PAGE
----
* I think I got the idea of 10 sec reps from the book, but I may have stuck with only that routine longer than recommended. Mixing up and getting help with negatives seems like a good idea, but I had my “science experiment” to run…:) With the rapid strength progress I experienced, predicting the next weight level where I would be spent on the 9th rep wasn’t always easy. I think I sometimes ended up doing 8 controlled, slow reps and sometimes 10.

    * I think the TUL is only sort of interesting. I feel like I moved from exercise to exercise about as fast as I could manage–one effect of getting the 9th rep right for me was the need to sit still for bit before trying to stand an walk. I think my goal was to move that percentage up, but only secondarily to the strength building.

    * I really found that 6-7 days was the shortest rest that worked for me. I have been keeping records on a modified version of this workout for the last year, and found that I can still increase weight with 10-12 days rest between workouts. At about 2 weeks, I can maintain the same strength, but much more and I start to lose slowly (After an injury recently, I didn’t hit the weights for 4 weeks and my max wight fell 6-10% (depending on the muscle group).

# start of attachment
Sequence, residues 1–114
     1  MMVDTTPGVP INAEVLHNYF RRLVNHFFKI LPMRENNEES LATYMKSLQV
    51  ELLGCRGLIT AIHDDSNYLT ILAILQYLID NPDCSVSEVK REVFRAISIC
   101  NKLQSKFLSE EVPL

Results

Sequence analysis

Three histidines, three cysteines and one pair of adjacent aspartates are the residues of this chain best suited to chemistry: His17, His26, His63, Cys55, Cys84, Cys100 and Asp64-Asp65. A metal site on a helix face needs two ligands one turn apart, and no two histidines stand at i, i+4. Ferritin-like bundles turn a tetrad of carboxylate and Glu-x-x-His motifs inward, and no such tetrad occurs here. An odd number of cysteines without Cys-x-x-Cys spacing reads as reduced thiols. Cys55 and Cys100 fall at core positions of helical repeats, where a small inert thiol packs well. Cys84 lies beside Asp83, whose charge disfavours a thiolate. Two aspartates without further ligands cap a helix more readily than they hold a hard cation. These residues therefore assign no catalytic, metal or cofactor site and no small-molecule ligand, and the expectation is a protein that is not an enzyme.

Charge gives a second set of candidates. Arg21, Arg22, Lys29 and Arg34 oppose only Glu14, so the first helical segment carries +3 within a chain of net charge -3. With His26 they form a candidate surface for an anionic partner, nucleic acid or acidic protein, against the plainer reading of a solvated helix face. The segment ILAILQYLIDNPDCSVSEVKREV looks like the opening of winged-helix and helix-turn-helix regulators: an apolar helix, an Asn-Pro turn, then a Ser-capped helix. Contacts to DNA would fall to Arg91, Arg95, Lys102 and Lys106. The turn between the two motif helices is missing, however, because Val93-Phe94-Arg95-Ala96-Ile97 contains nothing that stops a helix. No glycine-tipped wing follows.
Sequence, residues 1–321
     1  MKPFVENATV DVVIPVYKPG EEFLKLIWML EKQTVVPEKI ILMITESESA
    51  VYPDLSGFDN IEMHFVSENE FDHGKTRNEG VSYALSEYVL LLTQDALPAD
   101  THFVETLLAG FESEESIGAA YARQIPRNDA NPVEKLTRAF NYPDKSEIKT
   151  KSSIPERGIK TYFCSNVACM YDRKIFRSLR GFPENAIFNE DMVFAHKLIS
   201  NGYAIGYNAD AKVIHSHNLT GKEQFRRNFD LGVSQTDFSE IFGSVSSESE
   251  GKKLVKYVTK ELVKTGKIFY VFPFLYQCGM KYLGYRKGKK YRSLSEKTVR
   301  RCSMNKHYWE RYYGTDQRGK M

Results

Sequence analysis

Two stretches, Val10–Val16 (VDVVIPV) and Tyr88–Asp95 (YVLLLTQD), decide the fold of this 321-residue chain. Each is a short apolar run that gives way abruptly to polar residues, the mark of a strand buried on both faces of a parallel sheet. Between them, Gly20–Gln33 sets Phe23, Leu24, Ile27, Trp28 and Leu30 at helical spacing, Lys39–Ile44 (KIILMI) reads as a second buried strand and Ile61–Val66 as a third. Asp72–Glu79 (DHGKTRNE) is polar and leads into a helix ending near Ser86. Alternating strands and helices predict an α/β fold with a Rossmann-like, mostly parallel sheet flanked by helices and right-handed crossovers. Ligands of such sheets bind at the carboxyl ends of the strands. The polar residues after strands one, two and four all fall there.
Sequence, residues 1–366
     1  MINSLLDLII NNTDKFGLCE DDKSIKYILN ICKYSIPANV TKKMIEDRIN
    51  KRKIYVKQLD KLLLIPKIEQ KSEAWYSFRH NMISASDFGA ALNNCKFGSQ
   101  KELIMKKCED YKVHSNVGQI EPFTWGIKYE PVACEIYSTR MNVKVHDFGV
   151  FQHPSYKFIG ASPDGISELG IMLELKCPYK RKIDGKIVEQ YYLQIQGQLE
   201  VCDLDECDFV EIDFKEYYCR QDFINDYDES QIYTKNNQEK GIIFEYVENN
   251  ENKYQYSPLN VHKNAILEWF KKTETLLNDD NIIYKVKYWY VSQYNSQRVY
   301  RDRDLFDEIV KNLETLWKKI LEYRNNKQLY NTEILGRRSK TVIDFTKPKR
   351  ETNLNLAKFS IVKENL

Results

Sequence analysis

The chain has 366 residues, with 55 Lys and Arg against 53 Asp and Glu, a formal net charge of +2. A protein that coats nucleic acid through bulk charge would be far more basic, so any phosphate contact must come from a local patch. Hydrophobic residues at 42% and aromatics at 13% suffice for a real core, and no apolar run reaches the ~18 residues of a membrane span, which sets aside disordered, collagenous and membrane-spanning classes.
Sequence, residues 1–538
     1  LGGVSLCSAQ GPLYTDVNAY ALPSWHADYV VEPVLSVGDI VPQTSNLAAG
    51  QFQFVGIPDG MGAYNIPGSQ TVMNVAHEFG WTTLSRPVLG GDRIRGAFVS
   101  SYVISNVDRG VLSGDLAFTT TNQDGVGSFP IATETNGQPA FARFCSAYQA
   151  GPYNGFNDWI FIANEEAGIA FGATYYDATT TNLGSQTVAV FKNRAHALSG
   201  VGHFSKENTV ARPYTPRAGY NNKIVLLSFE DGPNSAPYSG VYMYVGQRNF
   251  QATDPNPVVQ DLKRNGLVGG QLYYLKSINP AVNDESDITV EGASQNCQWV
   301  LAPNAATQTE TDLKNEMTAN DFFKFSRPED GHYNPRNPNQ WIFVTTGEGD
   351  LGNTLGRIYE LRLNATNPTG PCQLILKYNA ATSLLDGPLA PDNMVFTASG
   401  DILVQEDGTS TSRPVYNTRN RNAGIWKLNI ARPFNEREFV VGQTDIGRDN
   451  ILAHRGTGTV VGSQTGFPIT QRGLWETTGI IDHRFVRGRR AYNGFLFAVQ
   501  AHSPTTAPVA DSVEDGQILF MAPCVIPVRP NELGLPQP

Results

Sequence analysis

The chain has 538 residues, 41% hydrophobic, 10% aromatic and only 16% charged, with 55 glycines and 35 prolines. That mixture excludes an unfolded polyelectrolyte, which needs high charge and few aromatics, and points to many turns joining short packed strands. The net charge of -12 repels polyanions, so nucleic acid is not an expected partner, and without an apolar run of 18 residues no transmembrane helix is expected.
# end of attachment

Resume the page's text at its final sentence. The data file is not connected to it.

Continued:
* I have recently complete another year of a modified version of this workout, using the same machines for the same exercises, but using a pyramid 12-6-4 reps on increasing weights where the 4 reps leaves me spent as before. I found that this gives about the same max weight and improvement as the 9 rep routine. This workout takes about 32-35 min, or about 10 min longer. So I spent about 25 hrs in the gym total last year–like to keep this under 1 day in the future. I got to a level of about 700lb leg press and 295lb chest press on the same machines shown for these experiments–I was surprised that the improvements continued to be this significant.

    * The results of walking around 50%-100% stronger have been nothing but upside. Good luck with your workouts!